Tried Icestorm (colour killer) and various silver/grey/pearlescent mixes about 18 months ago, between surface imperfections and hotspotting I couldn't get a satisfactory result. Silver was the most impressive in terms of "3D" quality to the image but with serious bloom and hotspotting, so I can understand the hyperbole that surrounds the "Light Fusion" claims, it just requires too much effort for my taste.

    Sean.
     
  3. Tempest

    Tempest
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    Thanks "theritz" for the excellent advice.

    I Could change the material (would be a pain, but possible)

    I've a feeling I'd really like to have some samples, and perhaps fix them side by side on a sheet of hardboard or something, as I'd always be wondering what the OTHER material would have been like.

    Grey with gain!!! I never knew you could get that.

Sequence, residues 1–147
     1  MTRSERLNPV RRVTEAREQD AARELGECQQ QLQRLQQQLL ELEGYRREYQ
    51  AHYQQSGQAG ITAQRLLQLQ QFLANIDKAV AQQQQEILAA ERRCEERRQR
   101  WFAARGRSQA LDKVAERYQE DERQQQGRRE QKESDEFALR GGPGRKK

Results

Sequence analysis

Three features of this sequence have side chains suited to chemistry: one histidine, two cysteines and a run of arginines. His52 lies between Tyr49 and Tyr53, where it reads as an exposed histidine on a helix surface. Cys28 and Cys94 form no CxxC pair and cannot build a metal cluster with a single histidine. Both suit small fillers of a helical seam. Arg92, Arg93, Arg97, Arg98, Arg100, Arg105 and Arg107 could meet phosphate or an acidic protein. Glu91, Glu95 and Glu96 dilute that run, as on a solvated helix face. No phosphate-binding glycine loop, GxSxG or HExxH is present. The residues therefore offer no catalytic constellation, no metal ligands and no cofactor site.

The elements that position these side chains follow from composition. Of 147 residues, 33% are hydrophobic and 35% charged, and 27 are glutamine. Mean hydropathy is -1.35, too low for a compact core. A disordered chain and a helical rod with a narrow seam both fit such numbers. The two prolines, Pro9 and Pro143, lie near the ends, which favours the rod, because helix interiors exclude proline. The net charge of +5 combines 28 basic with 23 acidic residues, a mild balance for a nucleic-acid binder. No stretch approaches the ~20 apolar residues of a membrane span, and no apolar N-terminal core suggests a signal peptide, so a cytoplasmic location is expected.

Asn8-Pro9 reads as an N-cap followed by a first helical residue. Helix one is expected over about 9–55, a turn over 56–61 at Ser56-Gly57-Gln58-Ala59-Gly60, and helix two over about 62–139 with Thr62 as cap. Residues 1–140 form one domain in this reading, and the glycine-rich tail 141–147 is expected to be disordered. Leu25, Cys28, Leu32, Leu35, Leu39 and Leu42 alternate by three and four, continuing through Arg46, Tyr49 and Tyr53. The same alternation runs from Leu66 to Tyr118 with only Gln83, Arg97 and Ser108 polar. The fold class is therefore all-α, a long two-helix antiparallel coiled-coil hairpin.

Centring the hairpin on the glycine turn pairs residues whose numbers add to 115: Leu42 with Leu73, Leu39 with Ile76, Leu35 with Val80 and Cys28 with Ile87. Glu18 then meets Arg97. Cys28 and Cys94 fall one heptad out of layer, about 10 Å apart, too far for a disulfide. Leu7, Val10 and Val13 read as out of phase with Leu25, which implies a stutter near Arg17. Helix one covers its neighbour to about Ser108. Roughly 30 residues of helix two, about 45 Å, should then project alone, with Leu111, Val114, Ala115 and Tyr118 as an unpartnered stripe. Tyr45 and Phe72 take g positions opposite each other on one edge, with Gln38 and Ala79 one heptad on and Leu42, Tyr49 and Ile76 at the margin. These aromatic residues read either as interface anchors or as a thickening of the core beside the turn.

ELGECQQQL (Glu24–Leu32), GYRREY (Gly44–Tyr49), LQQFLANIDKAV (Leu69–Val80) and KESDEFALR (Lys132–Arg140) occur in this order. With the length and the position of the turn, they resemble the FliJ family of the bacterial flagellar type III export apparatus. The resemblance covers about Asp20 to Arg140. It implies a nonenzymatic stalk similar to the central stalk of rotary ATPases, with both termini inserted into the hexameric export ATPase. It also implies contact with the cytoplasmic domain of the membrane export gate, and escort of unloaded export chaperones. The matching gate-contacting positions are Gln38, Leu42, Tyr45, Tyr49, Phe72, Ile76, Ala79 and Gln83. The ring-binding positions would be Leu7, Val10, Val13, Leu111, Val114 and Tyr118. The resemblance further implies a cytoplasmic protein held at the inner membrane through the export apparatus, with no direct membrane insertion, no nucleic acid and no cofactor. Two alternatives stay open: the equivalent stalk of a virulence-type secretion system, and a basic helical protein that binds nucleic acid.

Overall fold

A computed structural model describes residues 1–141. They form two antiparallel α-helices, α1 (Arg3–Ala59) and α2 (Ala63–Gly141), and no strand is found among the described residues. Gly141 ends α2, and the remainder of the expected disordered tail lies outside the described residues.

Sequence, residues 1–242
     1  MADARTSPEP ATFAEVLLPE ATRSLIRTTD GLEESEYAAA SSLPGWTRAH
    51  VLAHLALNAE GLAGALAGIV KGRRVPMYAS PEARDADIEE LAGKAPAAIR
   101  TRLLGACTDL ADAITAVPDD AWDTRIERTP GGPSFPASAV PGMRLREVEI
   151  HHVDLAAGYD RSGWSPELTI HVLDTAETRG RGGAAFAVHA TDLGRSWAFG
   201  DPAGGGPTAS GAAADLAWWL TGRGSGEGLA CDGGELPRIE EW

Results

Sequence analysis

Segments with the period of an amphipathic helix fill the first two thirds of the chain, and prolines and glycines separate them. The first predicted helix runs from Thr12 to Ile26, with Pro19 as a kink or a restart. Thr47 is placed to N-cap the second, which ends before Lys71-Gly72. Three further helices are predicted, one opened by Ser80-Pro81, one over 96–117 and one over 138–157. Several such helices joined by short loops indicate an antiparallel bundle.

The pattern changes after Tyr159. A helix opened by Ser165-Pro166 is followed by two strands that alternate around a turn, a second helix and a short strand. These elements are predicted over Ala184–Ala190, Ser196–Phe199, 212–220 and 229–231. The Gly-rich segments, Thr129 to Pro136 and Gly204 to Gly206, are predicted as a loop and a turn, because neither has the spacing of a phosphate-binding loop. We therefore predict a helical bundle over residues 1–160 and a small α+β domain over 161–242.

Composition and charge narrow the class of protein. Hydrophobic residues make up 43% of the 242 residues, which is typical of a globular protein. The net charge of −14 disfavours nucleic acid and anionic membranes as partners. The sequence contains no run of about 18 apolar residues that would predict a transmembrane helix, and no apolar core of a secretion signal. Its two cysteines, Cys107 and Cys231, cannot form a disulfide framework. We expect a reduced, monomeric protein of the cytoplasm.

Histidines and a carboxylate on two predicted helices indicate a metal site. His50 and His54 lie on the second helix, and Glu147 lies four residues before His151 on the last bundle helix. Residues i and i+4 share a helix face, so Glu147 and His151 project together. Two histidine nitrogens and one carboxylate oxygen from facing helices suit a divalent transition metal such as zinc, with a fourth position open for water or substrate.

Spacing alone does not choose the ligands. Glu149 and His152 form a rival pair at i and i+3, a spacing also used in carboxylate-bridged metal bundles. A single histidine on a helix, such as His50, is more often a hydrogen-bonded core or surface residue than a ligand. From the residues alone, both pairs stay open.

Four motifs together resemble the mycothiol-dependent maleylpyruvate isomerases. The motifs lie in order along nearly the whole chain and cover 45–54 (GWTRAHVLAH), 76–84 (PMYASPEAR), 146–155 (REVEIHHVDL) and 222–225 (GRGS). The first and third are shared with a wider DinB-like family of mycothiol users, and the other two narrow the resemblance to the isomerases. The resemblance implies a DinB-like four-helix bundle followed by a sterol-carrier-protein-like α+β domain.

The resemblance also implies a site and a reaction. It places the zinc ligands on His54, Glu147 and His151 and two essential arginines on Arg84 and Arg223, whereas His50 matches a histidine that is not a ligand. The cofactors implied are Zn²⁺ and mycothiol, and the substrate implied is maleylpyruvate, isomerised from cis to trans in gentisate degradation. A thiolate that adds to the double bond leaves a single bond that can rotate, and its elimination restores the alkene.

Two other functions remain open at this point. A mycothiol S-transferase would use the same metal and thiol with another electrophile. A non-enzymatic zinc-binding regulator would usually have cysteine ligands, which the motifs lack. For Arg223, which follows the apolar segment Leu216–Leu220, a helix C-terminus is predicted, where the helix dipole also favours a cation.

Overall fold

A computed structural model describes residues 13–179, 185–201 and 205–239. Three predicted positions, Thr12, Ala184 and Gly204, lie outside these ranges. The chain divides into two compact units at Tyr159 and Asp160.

4. Gary Lightfoot

    Gary Lightfoot
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    Hi Tempest,

    You have a PM.

    Gary.
     
  5. theritz

    theritz
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    Tempest,


    If you have a regular blackout screen on a wooden frame (as per various instruction links around here and elsewhere) it takes no time or trouble - quick whizz with a stanley knife to remove the existing material (or not if you like) and about 15 - 20 mins to attach the new material. I have an electric staple/nail gun - can't recommend one enough - which makes it even quicker, did the original with a regular manual staple gun, takes a bit longer, much harder on the paws.